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The Battalion

The Student News Site of Texas A&M University - College Station

The Battalion

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The BattalionMay 4, 2024

Campus campaigners discourage voting

 
 

Imagine that it’s a sunny afternoon just before the student body elections begin. Somewhere on campus, political campaigners are shouting catch phrases and passing out fliers. One student smiles and politely accepts the literature while another keeps his head down and quickens his pace to a near run. Both walk away with a sour taste in their mouth regarding the student elections.
Unfortunately, this is an all too often occurrence in the days leading up to the student body elections. With just 11,305 votes cast in the Texas A&M student body president race, voter turnout was less than 30 percent this year. Undoubtedly, aggressive and bothersome student campaigners had something to do with this.
Campus political campaigners offer no real information on the candidates they support, only catchy slogans and pleas for votes.
Such obtrusive efforts create animosity in potential voters and give many a reason not to participate in the election. Many Aggies, like freshman computer engineering major Adam Ramirez, decided not to vote because of the irritating campaign methods.
“I just got tired of people handing me fliers and yelling dumb slogans all the time,” he said. “That kind of thing gets old fast and just makes you want to stay out of the whole process.”
The election results showed that some students were willing to vote, just not for candidates with annoying campaigns. This was made painfully clear to presidential hopefuls by the 441 votes received by the fictional character Cadet Home.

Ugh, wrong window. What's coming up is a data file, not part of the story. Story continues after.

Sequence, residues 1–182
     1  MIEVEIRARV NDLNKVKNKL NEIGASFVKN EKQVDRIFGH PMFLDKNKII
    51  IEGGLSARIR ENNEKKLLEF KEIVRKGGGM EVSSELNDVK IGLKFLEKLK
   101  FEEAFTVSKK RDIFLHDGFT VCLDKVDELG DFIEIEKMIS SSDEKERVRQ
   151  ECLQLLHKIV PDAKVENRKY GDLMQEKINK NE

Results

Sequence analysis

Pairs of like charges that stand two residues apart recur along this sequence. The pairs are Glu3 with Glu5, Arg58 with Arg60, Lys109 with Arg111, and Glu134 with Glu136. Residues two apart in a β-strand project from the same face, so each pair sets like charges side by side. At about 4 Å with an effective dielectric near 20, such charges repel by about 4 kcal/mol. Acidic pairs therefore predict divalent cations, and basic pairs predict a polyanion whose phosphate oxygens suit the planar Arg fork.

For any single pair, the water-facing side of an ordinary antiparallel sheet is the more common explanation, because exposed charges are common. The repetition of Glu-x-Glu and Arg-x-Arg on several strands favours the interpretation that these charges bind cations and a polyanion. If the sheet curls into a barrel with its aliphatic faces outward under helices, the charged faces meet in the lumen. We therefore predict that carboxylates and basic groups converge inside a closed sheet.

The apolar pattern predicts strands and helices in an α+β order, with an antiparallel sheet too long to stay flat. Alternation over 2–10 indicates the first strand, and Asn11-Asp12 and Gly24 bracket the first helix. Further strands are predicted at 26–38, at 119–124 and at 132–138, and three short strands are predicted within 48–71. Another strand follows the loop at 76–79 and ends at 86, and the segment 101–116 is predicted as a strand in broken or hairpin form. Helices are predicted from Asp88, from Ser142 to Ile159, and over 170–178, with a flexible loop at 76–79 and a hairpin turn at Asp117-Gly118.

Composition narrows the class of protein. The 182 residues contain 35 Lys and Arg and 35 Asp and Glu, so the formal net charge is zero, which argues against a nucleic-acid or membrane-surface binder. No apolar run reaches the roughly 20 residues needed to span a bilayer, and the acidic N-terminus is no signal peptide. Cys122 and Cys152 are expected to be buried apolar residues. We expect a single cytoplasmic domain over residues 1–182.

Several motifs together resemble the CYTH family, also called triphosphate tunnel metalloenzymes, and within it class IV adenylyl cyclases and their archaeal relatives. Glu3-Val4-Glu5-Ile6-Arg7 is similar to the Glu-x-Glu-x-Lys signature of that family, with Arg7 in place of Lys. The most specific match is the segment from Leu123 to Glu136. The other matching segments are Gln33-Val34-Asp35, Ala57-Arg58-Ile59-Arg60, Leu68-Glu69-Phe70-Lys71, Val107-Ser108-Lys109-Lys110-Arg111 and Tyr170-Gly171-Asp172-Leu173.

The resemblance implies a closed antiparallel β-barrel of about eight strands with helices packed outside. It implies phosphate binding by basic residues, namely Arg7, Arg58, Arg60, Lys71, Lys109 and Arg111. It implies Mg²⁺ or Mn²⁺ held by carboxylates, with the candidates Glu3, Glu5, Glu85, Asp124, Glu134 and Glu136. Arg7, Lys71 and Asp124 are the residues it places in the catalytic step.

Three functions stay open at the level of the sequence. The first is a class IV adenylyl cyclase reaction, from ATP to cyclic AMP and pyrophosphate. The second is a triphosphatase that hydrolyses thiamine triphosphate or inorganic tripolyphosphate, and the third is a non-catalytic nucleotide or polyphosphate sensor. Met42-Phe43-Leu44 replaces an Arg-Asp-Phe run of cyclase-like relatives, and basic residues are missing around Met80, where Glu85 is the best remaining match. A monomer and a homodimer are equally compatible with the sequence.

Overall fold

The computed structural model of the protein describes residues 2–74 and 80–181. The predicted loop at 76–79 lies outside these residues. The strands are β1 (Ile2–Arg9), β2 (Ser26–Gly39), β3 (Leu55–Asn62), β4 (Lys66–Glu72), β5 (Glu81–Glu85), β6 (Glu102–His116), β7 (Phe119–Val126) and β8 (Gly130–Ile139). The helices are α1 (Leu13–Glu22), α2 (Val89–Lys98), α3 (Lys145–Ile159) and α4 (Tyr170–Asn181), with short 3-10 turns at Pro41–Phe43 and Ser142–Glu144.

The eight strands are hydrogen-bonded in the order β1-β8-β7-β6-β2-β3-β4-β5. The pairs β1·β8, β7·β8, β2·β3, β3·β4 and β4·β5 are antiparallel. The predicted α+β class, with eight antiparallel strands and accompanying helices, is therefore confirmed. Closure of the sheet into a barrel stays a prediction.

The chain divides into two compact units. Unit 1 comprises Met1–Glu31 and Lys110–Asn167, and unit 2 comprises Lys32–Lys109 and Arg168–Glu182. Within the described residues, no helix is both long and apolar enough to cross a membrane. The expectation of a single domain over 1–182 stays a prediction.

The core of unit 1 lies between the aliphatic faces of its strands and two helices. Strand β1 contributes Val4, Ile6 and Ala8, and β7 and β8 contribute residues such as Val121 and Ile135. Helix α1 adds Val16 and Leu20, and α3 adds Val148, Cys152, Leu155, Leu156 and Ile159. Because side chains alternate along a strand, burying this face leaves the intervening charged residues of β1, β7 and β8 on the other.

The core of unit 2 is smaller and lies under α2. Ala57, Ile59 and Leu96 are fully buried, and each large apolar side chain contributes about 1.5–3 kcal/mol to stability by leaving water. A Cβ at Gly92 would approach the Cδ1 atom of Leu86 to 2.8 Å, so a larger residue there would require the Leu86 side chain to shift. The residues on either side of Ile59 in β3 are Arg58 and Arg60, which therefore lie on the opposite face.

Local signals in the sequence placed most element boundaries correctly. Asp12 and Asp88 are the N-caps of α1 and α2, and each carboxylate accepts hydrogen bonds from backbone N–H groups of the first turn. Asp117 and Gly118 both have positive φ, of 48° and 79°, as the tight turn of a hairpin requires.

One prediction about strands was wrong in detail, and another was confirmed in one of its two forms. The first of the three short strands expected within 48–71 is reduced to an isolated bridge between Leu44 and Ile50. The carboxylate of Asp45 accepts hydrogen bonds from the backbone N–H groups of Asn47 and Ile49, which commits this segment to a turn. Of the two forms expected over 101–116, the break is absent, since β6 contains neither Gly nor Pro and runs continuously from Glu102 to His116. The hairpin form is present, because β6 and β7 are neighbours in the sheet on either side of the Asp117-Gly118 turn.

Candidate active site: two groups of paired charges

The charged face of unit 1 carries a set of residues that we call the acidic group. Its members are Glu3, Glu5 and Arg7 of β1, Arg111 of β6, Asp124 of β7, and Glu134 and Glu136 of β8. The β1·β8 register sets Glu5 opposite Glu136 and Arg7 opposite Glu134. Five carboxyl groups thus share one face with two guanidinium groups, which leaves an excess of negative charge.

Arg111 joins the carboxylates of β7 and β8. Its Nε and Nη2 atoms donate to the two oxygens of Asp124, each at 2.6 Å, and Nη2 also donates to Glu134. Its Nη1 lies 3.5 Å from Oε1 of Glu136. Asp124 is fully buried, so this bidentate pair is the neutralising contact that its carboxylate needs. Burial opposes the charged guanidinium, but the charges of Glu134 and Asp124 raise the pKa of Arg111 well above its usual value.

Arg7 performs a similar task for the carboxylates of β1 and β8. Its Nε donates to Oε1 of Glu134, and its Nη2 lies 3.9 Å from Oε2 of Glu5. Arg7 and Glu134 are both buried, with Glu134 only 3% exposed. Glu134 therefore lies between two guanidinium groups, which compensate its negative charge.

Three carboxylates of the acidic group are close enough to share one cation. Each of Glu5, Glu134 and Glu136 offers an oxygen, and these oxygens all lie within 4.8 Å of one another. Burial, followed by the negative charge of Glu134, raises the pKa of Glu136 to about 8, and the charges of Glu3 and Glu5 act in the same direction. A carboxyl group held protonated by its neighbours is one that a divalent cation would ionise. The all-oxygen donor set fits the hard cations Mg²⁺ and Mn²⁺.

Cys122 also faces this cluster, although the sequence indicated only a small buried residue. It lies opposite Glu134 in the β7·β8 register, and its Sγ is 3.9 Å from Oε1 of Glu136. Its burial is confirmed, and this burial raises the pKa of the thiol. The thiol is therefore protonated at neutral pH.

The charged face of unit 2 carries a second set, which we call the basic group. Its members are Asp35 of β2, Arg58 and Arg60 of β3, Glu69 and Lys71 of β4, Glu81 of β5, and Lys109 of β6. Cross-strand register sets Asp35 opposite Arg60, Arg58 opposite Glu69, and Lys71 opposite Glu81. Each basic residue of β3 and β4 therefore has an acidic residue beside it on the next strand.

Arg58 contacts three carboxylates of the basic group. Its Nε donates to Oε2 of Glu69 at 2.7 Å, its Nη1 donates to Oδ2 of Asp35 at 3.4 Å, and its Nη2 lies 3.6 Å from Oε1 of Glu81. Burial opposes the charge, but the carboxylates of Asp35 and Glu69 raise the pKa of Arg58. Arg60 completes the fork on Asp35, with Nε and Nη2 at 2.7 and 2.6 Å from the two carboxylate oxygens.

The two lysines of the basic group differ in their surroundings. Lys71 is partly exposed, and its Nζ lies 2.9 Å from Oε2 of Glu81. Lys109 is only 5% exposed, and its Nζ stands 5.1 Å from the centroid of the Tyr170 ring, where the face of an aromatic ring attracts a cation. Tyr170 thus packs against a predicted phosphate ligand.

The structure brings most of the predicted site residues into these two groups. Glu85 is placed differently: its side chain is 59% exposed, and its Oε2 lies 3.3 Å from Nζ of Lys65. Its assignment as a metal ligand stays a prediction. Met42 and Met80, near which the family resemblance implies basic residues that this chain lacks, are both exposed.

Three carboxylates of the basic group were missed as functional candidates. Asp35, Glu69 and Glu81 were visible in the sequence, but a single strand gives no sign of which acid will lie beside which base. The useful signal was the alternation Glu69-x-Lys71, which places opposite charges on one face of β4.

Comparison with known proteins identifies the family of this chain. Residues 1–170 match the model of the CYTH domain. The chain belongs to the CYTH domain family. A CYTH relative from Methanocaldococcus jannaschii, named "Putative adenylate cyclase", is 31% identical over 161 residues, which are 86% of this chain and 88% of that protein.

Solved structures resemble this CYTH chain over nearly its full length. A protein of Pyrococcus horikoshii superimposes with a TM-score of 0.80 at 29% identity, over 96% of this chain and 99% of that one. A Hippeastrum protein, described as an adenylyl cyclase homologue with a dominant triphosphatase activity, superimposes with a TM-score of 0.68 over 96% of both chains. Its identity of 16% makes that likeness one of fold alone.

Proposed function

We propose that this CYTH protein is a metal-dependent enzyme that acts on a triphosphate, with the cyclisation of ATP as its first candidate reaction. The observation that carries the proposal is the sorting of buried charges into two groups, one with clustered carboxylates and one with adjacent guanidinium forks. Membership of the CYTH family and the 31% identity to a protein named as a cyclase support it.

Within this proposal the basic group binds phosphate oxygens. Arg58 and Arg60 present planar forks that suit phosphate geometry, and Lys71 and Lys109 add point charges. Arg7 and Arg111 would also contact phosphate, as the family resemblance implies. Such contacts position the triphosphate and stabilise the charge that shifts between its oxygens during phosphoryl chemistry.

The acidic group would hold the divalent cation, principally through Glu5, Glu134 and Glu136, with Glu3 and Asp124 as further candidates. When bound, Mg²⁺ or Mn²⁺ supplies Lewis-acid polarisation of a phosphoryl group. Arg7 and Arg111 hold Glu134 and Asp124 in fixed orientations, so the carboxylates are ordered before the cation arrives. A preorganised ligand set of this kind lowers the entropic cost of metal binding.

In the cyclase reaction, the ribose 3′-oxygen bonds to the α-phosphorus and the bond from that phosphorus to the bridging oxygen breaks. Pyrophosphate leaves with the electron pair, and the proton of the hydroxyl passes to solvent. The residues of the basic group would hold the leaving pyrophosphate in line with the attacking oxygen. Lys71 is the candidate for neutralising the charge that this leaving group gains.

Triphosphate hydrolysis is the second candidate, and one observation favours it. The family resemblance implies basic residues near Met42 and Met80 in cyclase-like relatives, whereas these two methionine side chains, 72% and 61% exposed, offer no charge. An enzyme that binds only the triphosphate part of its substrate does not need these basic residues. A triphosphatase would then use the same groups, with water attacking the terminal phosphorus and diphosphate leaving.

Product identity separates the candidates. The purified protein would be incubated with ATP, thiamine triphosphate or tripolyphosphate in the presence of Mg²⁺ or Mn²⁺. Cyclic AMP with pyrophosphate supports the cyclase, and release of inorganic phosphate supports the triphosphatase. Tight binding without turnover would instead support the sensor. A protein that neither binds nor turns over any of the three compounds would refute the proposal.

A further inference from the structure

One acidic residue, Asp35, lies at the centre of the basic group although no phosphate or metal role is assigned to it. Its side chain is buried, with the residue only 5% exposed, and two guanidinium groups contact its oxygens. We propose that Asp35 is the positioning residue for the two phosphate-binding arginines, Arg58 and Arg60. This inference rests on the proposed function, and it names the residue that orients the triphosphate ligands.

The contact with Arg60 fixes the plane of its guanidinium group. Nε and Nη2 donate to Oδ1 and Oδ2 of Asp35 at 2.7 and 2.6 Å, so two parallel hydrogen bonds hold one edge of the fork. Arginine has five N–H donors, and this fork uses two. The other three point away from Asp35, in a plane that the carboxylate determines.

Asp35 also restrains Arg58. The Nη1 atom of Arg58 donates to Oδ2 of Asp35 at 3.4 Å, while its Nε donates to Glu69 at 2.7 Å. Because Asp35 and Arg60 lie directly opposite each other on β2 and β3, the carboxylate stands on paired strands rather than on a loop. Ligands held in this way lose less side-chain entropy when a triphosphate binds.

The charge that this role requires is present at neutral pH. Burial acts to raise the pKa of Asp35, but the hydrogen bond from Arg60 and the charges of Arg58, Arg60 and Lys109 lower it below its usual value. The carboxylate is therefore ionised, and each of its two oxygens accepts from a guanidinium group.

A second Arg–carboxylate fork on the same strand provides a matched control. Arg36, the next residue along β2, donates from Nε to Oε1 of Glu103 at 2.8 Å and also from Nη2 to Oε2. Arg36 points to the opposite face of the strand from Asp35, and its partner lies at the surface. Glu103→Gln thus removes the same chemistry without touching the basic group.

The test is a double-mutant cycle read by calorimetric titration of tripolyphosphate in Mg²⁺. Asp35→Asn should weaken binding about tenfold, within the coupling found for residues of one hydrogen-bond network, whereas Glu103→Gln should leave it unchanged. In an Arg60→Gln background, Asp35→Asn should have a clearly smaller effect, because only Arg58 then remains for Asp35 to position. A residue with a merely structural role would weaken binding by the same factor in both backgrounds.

Obviously, these students cared enough to take the time to vote, but they chose a cartoon over a real candidate. This should at least make student body president candidates wonder why more than 400 students voted for a two-dimensional character who had no campaign volunteers (or a functional brain).
Also, SBP candidates should take a hint from the general sentiment on campus. Most students readily voice their opinion that they don’t care to see a campaign slogan on every corner. It’s also no coincidence that political fliers almost always seem to find their way into the nearest trash can. When cartoon characters in the school newspaper use smoke screens to evade fliers from relentless campaigners, it may be time to rethink the game plan.
Student campaigners say they are just getting out the message of their favorite candidate. The problem is, they offer no factual information or hint of a political platform. If political campaigners were actually giving meaningful information, that would be different. With few exceptions, this election year’s campaigning methods didn’t include the concept of actually stating the facts.
The majority of political campaigners are good Aggies who mean well and only want the best for their school. The problem is that most of them go about it the wrong way, and that hurts the election as a whole. A word of advice to next year’s campaigners: do away with the aggravating campaign tactics and provide some real information to those who want it.

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